The Tokyo Central Post Office building which houses the Intermediatheque (IMT) was designed by the architect Tetsuro Yoshida, who belonged to the Building and Repairs Section of the Finance and Accounting Bureau in the Ministry of Communications. The five-storey building, which became the symbol of the reconstruction of the imperial capital after the Great Kanto Earthquake, was completed in 1931. It eventually gained recognition as a building concentrating the spirit of Showa modernism aesthetics. Visiting Japan before the war and charmed by the traditional beauty of the Katsura Imperial Villa in Kyoto, German architect Bruno Taut praised the Central Post Office building as the pinnacle of the new Japanese architecture.
Yoshida wrote in the Teishin Kyokai Zasshi (Communications Association Magazine) of October, 1932, “The style of contemporary architecture is determined by an extremely concise expression of architectural forms that inevitably emerge from the function, material, and structure of individual buildings. In this post office building, the area of the windows was made as large as possible using a structural method of steel frame and reinforced concrete. I struggled to create a lucid, trim contemporary structure without meaningless surface decoration, contrasting the pure white walls with the large windows surrounded by pure black frames. (…) I attempted to unify form and color in the interior decoration as on the outside.”
The vast galleries on the second and third floors which have turned into exhibition spaces were initially devoted to the processing of mail. They share with traditional Japanese architecture a simple and precise vision, visible in every detail. Giving a new application to an old building amounts to give new life to its historical heritage, and it is necessary to answer the question of how to make the building function within the city in a sustainable way. The Intermediatheque is precisely our answer to such a question.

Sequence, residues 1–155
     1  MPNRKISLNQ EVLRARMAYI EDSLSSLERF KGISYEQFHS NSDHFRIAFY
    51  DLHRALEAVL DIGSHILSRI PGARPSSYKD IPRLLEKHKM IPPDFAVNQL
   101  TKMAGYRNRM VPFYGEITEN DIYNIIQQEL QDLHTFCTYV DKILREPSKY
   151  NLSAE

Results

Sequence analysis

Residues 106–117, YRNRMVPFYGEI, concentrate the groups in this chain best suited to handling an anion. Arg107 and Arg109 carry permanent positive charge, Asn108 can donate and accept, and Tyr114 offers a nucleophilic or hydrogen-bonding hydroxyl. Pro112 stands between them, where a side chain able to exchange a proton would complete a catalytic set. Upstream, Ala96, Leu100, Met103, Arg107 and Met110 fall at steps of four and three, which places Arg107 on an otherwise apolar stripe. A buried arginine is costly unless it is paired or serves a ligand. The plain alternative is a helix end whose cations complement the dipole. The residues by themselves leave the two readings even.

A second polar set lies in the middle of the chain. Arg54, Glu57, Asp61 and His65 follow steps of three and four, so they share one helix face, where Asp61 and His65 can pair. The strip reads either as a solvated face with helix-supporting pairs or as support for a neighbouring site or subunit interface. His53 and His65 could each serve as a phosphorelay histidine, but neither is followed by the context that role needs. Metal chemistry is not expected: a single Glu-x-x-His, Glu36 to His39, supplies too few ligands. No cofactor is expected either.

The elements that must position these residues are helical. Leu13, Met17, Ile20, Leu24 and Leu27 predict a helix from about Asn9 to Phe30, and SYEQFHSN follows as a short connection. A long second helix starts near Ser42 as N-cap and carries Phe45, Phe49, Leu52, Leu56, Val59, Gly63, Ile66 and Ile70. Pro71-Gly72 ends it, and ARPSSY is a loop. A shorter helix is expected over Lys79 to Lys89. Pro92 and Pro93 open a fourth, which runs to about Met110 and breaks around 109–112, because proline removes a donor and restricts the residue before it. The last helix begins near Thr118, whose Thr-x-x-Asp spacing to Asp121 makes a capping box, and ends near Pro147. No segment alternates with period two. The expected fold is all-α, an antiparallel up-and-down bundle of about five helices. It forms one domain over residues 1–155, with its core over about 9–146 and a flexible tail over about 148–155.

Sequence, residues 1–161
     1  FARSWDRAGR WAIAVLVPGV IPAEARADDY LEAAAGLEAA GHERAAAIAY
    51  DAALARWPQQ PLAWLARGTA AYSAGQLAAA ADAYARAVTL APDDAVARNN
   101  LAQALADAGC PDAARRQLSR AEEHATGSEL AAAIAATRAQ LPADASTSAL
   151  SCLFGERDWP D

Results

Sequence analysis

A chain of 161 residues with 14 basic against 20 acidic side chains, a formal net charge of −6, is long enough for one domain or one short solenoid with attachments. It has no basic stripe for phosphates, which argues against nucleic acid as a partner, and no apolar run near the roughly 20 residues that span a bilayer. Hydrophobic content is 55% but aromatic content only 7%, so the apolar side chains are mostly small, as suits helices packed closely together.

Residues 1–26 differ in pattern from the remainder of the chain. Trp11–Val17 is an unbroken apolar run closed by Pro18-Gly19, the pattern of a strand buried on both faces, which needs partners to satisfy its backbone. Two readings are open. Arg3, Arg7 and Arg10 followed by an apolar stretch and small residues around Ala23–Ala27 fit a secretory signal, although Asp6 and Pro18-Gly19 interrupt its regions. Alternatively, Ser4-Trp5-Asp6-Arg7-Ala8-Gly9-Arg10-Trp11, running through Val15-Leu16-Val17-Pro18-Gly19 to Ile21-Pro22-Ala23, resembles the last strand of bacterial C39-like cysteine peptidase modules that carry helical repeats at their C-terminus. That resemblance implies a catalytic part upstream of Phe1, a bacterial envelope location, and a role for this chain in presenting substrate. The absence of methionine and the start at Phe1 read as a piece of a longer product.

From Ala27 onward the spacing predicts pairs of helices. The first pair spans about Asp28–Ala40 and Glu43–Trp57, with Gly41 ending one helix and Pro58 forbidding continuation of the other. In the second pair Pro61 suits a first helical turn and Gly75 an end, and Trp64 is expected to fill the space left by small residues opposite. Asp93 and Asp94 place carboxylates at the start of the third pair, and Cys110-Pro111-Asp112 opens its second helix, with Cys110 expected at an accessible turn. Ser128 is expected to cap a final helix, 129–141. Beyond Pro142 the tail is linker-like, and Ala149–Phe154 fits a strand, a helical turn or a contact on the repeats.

In giving new life to the Central Post Office Building, we have chosen to maintain the large space 66 meters long, 12 meters wide, and 5.5 meters high as it was. There are very few spaces of this length and size in the center of Tokyo, and its scale is comparable to exhibition rooms in the most important museums of Europe and the United States. The large space is left intact and not divided up further. Preservation of the structure is meaningful for this reason alone. This large space, with its historical value, will become a platform for the fusion of diverse expressive media. The basic structure of the internal space is maintained, and the wooden floorboards, engraved with the history of postal activities, are retained as part of the preserved section. Some of the old steel window frames are reincarnated as exhibition furniture, and other architectural elements, although partially, are also imbedded in the facility. The Intermediatheque is based on these principles of “reincarnation” and “inheritance” of our historical legacy.